“Taxibeat is a mobile application that helps a consumer easily locate nearby taxis and choose the best available taxi based on the feedback that previous passengers have given. We introduce a reputation mechanism in the taxi industry, which is something that didn’t exist,” Drandakis explained about the service.
In the service’s website, one can read that “getting a taxi is never going to be the same,” while the procedure is explained: “you get to choose your taxi driver based on your specific needs, rather than have someone randomly assigned to you. Instead of flagging down a stranger, you get a trusted taxi driver, rated by other Taxibeat users.”
The website continues that one can use Taxibeat at any place, at any time and at no extra cost. “Tap for the map, pick a cab, hop in, get where you’re going,” as it is described in simple words.
Drandakis said that they launched the service during the crisis in Greece. They were just a team of three with €40,000. “And I was out on the streets trying to attract drivers by distributing leaflets, out in the heat,” he explained.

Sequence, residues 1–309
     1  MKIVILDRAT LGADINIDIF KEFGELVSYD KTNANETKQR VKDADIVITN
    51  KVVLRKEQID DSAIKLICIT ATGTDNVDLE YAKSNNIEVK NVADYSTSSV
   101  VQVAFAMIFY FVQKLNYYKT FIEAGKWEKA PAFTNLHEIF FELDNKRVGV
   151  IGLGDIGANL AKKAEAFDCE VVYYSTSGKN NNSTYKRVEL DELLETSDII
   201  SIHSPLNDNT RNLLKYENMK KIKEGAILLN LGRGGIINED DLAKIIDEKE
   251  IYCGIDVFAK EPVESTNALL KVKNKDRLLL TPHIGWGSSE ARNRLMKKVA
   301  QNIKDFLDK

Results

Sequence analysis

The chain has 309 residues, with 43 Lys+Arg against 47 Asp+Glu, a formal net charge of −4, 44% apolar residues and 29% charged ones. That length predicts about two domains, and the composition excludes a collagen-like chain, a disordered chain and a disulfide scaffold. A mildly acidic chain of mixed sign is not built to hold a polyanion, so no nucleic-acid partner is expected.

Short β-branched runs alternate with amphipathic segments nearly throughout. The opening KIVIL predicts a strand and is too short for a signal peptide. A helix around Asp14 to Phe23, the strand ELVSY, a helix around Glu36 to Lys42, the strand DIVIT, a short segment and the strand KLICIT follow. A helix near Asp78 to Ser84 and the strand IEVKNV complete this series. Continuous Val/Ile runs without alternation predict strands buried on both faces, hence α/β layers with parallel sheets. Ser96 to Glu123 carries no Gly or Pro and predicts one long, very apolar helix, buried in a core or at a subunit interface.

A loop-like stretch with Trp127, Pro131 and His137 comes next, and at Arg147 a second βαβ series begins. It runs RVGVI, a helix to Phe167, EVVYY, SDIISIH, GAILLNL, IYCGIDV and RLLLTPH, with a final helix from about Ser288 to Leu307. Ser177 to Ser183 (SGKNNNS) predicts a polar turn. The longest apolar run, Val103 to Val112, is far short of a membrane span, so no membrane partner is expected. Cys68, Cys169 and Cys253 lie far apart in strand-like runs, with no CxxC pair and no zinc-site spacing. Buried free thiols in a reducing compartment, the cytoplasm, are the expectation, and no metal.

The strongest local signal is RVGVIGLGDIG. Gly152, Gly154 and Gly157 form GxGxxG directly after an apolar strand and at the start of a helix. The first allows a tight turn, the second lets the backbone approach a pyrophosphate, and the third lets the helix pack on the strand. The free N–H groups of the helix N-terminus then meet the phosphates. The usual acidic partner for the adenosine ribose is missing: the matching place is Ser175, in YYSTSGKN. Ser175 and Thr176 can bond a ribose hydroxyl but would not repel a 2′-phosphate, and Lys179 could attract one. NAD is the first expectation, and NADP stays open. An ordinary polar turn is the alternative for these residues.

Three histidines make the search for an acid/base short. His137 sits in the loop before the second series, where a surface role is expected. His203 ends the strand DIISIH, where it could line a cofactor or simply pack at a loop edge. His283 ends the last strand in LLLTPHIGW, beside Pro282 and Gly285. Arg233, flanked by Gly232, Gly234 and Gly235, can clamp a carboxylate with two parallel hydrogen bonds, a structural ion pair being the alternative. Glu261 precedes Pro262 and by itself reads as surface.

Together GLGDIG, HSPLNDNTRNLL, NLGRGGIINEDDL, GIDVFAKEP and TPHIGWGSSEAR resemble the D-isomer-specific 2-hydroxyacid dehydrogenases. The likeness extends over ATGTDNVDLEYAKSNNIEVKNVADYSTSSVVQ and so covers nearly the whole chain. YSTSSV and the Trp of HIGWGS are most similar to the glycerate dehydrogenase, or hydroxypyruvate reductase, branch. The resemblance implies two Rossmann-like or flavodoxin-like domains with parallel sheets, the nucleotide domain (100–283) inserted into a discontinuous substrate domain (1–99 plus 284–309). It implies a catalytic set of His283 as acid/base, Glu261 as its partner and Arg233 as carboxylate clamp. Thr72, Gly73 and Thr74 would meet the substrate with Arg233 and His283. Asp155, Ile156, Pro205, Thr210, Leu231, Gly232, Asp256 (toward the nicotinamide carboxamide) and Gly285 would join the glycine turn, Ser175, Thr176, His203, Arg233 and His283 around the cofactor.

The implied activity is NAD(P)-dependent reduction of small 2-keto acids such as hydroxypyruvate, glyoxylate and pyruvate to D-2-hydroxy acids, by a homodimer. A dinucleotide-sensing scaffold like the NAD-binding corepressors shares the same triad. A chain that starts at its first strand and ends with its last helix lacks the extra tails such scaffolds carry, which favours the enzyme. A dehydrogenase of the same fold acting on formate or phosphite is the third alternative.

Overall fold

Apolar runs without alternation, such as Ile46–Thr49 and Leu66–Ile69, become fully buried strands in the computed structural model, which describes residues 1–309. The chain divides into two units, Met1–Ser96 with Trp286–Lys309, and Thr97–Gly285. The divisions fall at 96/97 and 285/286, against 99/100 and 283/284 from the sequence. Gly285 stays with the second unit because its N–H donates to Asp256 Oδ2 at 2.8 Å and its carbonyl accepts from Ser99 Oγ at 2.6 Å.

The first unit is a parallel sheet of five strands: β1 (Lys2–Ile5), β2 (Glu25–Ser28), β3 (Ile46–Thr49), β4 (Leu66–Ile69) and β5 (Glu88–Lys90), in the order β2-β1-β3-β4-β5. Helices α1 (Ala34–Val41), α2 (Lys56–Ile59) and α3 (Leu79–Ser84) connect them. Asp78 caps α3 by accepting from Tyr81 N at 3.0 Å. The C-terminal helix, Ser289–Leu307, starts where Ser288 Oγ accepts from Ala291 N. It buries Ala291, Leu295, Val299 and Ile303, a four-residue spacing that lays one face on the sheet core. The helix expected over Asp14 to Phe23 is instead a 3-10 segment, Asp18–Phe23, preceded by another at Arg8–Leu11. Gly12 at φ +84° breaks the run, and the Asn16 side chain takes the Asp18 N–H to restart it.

Taxi drivers have no problem concerning the fact that they are being rated, because when the service started, in the midst of the Greek crisis, “the taxi drivers had lost about 50 or 60 percent of their jobs.”
Drandakis noted about the fact that he started a service during the crisis, that the crisis was one of the driving forces for start-ups and people with new ideas: “You’re with your back to the wall, and you have no choice. So this happens with many people who have lost their jobs here. They try new things and stop being dependent on state money. Most of them will fail, but many will succeed.”
Taxibeat allows its creators to take their business overseas while staying in Greece, as their first country after Greece was Brazil, where they managed it with the help of two Greek entrepreneurs who lived there.
Their main investors are people from the Greek shipping business. “The shipping sector is the only one in Greece that is famous for being successful internationally, starting from Onassis. It’s no accident,” Drandakis said.
Drandakis pointed out that in Greece they are profitable and he believes that they will be profitable also in Brazil this summer. “Each of our markets will be profitable after the first year or so,” he told Bloomberg.